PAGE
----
Oakland's OLIPOP Soda Debuts

It contains cassava, calendula, nopales, and more.


Image courtesy of OLIPOP

A new Oakland-based soda brand has just been launched.

Made with chicory, cassava, kudzu root, sunchoke, nopal, marshmallow root, calendula, and more, OLIPOP debuted August 1 at Party Under the Palms: Summer Cocktails of the Farmers Market in Jack London Square. Now it's available in stores.

Its name derives from a combination of the words "oligosaccharides" and "pop."

Co-founder David Lester, who lives in Oakland, is an experienced marketer and drinks innovator. Fellow co-founder Ben Goodwin, who has in the past created a major kombucha brand, investigates pro- and prebiotic properties at his Santa Cruz microbiome lab.

Oligosaccharides are complex carbohydrates that form prebiotic fibers. The term "microbiome" refers to the assemblage of microorganisms living in, on, and around our bodies. Concentrated most intensely in the digestive system, the microbiome can affect not just physical but also mental well-being. 

OLIPOP's advisory board is headed by one of the world’s leading microbiome researchers: Dr. Joseph Petrosino, Director of the Alkek Center for Metagenomics and Microbiome Research at Baylor College of Medicine in Houston.

Seeking to produce an alternative to the high-sugar sodas commonly associated with rising diabetes rates and other health issues, the founders sought input from scientists, flavor experts, consumers, and students to create a beverage whose ingredients include prebiotics, anti-inflammatory plant-based botanicals, and plant fiber.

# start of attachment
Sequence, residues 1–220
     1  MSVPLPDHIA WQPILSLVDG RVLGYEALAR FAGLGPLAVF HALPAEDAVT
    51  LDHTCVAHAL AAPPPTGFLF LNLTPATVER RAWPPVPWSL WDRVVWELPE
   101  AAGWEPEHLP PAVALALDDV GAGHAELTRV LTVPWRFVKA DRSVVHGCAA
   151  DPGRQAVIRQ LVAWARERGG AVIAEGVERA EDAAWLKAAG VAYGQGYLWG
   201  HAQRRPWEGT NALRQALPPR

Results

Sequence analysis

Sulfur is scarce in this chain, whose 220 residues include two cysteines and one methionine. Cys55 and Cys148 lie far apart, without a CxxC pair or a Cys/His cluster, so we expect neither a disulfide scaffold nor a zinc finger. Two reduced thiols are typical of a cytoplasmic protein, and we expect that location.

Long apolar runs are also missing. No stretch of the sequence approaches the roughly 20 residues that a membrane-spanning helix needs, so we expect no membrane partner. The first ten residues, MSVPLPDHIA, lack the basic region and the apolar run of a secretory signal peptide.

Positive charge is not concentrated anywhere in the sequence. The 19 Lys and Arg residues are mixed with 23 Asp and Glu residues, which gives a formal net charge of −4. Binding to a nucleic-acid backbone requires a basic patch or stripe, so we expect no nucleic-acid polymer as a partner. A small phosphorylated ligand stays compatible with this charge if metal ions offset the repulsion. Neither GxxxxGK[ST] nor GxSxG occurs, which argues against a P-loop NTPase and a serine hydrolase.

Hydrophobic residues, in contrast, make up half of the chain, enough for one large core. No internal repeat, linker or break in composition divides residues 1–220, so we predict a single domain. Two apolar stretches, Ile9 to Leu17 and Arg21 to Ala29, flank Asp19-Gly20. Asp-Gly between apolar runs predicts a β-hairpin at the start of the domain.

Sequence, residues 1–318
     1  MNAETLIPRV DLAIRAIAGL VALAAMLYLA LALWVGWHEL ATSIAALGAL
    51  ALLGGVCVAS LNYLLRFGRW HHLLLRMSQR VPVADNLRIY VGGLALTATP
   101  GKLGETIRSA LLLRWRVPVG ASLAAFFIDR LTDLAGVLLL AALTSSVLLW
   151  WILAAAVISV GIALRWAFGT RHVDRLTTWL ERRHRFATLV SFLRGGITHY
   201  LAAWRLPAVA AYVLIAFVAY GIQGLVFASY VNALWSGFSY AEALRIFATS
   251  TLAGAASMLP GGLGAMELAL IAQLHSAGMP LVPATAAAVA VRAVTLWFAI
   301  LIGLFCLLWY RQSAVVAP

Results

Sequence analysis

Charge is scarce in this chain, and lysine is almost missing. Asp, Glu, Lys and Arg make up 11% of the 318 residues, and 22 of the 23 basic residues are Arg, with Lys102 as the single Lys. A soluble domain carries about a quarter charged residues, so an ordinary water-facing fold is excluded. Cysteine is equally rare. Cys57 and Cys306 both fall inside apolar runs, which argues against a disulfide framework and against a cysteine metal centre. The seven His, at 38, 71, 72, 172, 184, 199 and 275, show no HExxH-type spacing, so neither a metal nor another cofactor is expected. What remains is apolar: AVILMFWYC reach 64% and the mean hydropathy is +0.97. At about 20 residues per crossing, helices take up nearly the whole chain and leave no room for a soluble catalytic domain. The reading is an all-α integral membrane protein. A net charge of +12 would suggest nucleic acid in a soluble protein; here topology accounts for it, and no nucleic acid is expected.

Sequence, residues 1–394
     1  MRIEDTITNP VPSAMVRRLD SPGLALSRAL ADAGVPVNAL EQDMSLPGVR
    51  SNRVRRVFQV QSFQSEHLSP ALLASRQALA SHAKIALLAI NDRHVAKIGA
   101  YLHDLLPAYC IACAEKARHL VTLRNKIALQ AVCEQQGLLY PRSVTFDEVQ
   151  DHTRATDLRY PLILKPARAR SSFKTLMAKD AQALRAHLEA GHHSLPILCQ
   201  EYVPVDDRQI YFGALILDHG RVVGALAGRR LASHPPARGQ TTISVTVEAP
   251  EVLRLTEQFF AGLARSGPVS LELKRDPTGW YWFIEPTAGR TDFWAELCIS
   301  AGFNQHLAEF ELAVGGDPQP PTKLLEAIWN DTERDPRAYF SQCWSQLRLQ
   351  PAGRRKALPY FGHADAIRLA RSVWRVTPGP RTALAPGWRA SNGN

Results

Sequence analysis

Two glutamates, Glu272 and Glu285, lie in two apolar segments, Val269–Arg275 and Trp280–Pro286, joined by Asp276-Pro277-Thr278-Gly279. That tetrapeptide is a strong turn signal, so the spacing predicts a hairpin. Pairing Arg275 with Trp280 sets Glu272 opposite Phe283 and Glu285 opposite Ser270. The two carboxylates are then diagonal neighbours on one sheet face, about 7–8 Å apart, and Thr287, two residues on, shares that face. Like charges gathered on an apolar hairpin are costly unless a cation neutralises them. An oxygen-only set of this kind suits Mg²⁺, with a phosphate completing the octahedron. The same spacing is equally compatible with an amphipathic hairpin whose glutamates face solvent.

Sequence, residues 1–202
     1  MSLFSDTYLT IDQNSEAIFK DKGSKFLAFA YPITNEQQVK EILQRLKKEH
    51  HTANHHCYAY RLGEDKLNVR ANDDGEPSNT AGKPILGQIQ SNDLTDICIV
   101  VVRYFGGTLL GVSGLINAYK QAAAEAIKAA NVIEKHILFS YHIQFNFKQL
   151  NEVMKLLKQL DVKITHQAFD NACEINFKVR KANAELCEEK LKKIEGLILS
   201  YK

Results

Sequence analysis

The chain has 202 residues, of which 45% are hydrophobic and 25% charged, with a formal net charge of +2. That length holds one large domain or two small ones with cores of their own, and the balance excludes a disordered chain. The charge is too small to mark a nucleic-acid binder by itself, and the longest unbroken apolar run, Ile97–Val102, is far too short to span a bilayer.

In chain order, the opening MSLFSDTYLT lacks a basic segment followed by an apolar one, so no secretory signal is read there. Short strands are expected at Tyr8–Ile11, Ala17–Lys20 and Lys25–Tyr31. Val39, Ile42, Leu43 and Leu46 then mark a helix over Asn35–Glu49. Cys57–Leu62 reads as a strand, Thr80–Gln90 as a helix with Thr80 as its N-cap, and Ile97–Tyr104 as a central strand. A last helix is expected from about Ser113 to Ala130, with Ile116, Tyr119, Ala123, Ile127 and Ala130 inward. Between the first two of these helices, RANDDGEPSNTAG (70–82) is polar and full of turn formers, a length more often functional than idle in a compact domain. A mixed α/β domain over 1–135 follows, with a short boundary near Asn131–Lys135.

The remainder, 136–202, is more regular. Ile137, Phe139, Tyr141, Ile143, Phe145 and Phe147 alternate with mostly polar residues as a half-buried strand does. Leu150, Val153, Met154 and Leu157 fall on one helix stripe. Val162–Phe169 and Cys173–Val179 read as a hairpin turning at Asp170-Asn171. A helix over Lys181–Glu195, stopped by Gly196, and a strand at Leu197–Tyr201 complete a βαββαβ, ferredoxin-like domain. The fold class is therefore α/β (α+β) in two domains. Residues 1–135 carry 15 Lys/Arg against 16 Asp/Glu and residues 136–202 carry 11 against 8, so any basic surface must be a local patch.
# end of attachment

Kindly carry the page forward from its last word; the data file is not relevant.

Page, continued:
Fiber and prebiotics can help to disperse nutrients slowly throughout the yards-long human digestive tract, feeding the probiotics that already live there. 

Controlled human clinical studies are set to be performed soon to understand more details about OLIPOP's recipe, entailing gut-immune health markers, mucosal-membrane health markers, intestinal fatty-acid production, and more.

Lester and Goodwin describe OLIPOP as "the first clinically backed digestive health beverage that meets consumers' real-world taste preferences." They also promote the drink as "a clinically validated alternative to kombucha and a functional alternative to sparkling water."

Each twelve-ounce can contains 35 calories and fewer than three grams of sugar.

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